The debate about whether schools should be allowed to internally exclude children from lessons is a hot topic at the moment, with all sorts of people weighing in at both ends of the spectrum of opinion. Whether you agree or disagree with the concept of internal exclusion probably says something about whether you prioritise the rights of the group or the rights of the individual. But it’s also probably true that we all care about the rights of both individuals and groups. So, how can we get past the inflamed rhetoric and reason coldly of our grievances?

One way to begin might be to calibrate our opinions and place them on a scale. So, on a scale of 0-10 how would you rate your agreement with the following statements?

  1. Children should not be removed from a classroom and placed in supervised isolation under any circumstances.
  2. Children have a right never to have their lessons disrupted by threatening or dangerous behaviour.

Or maybe you’d prefer a differently worded pairing?

  1. Schools have an obligation to ensure children are never removed from lessons, even if their behaviour is threatening, violent or bullying.
  2. Schools have an obligation to provide safe learning environments where children are protected from threatening, violent or bullying behaviour.

These statements are mutually exclusive. Obviously, it ought to be logically impossible to score both with a 10, but further, if you’ve really thought through the consequences of both statements, it ought to be the case that your ratings should add up to 10. So, for instance, if you gave the first statement 10 then it ought to follow that the second statement should be scored as 0. And, if you gave the first statement a score of 5 then it makes sense that you also give the second statement a 5. If your combined scores add up to more or less than 10, this reveals the extent of your inconsistency.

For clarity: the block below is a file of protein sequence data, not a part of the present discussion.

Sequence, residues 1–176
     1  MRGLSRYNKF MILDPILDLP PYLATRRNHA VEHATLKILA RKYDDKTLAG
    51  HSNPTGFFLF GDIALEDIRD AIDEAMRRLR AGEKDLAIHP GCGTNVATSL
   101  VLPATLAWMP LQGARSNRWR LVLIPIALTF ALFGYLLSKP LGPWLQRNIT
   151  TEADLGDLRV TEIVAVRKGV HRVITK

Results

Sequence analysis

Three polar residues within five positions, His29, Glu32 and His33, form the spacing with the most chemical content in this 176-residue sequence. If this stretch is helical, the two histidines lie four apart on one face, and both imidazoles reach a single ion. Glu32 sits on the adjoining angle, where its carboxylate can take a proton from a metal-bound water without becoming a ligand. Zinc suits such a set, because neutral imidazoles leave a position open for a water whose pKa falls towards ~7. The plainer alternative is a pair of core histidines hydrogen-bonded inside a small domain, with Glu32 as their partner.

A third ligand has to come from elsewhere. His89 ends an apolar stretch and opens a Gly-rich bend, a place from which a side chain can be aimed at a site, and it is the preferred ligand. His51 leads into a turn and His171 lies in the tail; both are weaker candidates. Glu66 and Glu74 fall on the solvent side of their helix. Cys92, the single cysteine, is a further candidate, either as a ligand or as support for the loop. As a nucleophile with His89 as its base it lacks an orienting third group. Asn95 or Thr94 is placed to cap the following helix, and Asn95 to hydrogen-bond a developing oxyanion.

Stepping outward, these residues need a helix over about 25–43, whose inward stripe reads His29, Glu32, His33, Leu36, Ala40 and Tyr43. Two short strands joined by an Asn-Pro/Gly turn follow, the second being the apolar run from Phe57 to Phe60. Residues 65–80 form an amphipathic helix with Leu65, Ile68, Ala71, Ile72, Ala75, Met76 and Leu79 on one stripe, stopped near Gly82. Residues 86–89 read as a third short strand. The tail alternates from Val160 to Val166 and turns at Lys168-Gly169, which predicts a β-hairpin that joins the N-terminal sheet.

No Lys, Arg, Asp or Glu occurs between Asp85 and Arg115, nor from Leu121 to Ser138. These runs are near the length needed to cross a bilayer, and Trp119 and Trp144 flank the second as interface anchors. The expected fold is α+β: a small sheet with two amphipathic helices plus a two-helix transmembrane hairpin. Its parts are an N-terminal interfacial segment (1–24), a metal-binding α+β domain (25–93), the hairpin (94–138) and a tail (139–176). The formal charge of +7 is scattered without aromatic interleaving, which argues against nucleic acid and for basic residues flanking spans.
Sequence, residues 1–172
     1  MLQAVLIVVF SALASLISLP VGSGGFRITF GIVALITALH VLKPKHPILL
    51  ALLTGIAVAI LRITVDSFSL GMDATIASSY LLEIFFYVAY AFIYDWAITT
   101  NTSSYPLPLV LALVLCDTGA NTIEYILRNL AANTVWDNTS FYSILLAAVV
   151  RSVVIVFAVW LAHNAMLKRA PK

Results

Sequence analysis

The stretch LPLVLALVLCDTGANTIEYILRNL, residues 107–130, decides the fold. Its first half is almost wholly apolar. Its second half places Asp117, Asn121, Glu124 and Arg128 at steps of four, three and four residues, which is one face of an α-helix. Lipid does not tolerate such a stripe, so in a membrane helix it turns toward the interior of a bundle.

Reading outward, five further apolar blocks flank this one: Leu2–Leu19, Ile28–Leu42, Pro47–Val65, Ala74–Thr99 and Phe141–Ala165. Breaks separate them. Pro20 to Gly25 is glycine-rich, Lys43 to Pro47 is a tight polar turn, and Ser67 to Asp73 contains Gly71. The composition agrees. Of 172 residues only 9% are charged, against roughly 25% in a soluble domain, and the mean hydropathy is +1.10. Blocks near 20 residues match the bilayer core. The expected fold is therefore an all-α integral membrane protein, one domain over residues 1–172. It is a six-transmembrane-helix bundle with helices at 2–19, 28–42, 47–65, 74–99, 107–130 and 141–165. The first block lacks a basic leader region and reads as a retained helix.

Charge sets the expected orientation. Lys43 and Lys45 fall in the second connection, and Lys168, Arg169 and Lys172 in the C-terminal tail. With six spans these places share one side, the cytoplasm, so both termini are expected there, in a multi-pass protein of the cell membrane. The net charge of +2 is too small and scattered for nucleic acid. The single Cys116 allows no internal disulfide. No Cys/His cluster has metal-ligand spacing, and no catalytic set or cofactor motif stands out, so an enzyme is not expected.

We’re all somewhat guilty of  inconsistency but being able to calibrate just how inconsistent we are can help us track the extent to which ideology may have overtaken reason. It’s likely that no one thinks children should never be removed from a lesson no matter how extreme their behaviour is, just as it’s likely no one believes children have no right at all to undisrupted lessons. Our differences are, in all probability, ones of degree.

So, if I were to give the fist statements 1 a score of 8 and you gave them a 3 we would be able to see the extent of of disagreement, but also that there’s at least some consensus. We could then attempt to shift each other more towards the middle. For instance, my instinct is to think that if children are disruptive it makes good, practical sense for them to be removed from a lesson and, if disruptive children are going to be removed there needs to be some sort of system for putting them elsewhere. I’ve worked in schools were children have been sent out and then roam around the school causing chaos. No one wants that, right? But, since hearing all the reaction against the concept of internal isolation that’s been doing the rounds recently I’ve been persuaded that in some (hopefully very rare) cases children have been consigned to isolation rooms indefinitely and spend their days copying out worksheets and being told off for coughing. I can’t imagine anyone is in favour of this extreme either.

I would expect that most teachers see the need for a system where disruptive children can be sent to a safe environment to allow lessons to continue. but I would equally expect that most teachers would want a system where children who are regularly being sent to an internal isolation room are assessed to see if they have underlying issues which are making it difficult for them to behave and to receive some sort of intervention to get them back in lessons. If we both agree that the extremes are egregious we can, maybe, arrive at a proportionate middle ground where productive discussion becomes possible.

This is just one of the excellent ideas I’ve taken from How to Have Impossible Conversations: A Very Practical Guide by Peter Boghossian and James Lindsay.